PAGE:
16. Actions of ADH • The major action of ADH is on renal cells that are responsible for reabsorbing free (osmotically unencumbered) water from the glomerular filtrate. • ADH responsive cells line the distal convoluted tubules and collecting ducts of the renal medulla. • ADH increases the permeability of these cells to water. • The increase in membrane permeability to water permits back diffusion of water along an osmotic gradient. • ADH significantly reduces free-water clearance by the kidney

  17. Actions of ADH • ADH action in the kidney is mediated by its binding to V2 receptors, coupled to adenylate cyclase and cAMP production. • cAMP activates protein kinase A which prompts the insertion of water channels into the apical membrane of the cell. • When ADH is removed, the water channels withdraw from the membrane and the apical surface of the cell becomes impermeable to water once again. .

  18. Actions of ADH • This mechanism of shuttling water channels into and out of the apical membrane provides a very rapid means to control water permeability • The basolateral membrane of the ductal cells are freely permeable to water, so any water that enters via the apical membrane exits the cell across the basolateral membrane, resulting in the net absorption of water from the tubule lumen into the peritubular blood.

  19. Actions of ADH • Water deprivation stimulates ADH secretion, decreases free-water clearance, and enhances water conservation. ADH and water form a negative feedback loop.

  20. Inputs reflexly controlling thirst.

  21. Actions of ADH • ADH deficiency is caused by destruction or dysfunction of the supraoptic and parventricular nuclei of the hypothalamus. Inability to produce concentrated urine is a hallmark of ADH deficiency and is referred to as diabetes insipidus. • ADH also acts on the anterior pituitary to stimulate the secretion of ACTH.

  22. Pathways by which sodium and water excretion are decreased in response to severe sweating.

  23. Aldosterone and the mineralocorticoids • The mineralocorticoid, aldosterone is vital to maintaining sodium and potassium balance and extracellular fluid volume. • Aldosterone is an adrenal corticosteroid, synthesized and secreted by the adrenal cortex.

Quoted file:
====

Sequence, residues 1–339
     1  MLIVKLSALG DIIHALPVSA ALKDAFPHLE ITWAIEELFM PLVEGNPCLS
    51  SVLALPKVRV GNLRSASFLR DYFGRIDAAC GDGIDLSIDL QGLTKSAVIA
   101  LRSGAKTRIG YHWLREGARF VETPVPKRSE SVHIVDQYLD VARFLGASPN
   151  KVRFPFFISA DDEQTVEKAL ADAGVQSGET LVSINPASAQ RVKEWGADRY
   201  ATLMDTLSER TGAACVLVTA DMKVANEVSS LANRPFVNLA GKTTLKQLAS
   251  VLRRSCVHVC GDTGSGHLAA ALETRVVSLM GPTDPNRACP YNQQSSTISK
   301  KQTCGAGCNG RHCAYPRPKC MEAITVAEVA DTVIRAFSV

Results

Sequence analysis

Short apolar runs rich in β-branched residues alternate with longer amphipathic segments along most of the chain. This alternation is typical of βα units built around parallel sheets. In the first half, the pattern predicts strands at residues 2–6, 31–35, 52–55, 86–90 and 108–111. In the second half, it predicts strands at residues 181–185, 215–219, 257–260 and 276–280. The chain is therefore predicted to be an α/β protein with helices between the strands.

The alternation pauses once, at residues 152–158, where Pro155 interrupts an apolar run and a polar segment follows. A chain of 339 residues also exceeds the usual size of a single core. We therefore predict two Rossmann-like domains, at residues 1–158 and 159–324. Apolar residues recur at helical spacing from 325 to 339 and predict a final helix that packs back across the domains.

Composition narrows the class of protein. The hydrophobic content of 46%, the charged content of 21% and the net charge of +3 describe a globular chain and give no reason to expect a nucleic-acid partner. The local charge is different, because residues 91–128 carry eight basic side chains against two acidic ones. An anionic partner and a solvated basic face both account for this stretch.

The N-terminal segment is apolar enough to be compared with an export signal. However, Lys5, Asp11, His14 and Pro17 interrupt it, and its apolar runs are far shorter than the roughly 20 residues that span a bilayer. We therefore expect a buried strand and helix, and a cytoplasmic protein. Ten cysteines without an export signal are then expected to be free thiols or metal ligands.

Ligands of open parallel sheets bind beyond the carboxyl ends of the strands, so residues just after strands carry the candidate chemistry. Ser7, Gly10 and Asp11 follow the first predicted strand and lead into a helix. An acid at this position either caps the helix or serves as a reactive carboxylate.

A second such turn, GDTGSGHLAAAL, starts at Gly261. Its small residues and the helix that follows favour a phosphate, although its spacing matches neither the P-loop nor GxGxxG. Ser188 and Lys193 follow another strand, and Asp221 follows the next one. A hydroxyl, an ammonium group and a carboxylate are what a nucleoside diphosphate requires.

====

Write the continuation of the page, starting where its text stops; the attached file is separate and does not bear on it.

24. Cross section through the adrenal gland– cortex and medulla salt sugar sex

  25. Aldosterone • The adrenal cortex is composed of three major zones, differentiated by the histological appearance and type of corticosteroid they produce. • The outermost is the zona glomerulosa, is very thin and consists of small cells with elongated mitochondria.

  26. Adrenal zones • The middle zona fasiculata is the widest zone and consists of columnar cells that are highly vacuolated with numerous lipid droplets. • These lipid droplets are composed of cholesterol esters the substrate for adrenal steroid hormone biosynthesis.

  27. Adrenal zones • The innermost zona reticularis contains fewer lipid droplets than fasiculata cells, but have similar mitochondria. • ACTH has trophic effects on the zona fasiculata and reticularis.

  28. Aldosterone synthesis • Aldosterone is synthesized and secreted by the zona glomerulosa . • The synthesis of aldosterone from cholesterol to corticosterone is identical to the synthesis of glucocorticoids in the zona fasiculata. • The C18 methyl group of corticosterone is hydroxylated and converted to an aldehyde yielding aldosterone.

  29. Aldosterone synthesis in the adrenal zona glomerulosa

  30. Aldosterone’s function • The principal function of aldosterone is to sustain extracellular fluid volume by conserving body sodium. • Aldosterone is largely secreted in response to signals that arise from the kidney when a reduction in circulating fluid volume is sensed. • When body sodium is depleted, the fall in extracellular fluid and plasma volume decreases renal arterial blood flow and pressure.

  31. Regulation of aldosterone secretion: Activation of renin-angiotensin system in response to hypovolemia is predominant stimulus for aldosterone synthesis.

  32. Aldosterone and renin-angII • The justaglomerular cells of the kidney respond to this change by secreting renin. Renin acts on angiotensinogen (which is secreted by the liver) to form angiotensin I which is further cleaved by angiotensin converting enzyme (which is secreted by the lungs) to angiotensin II.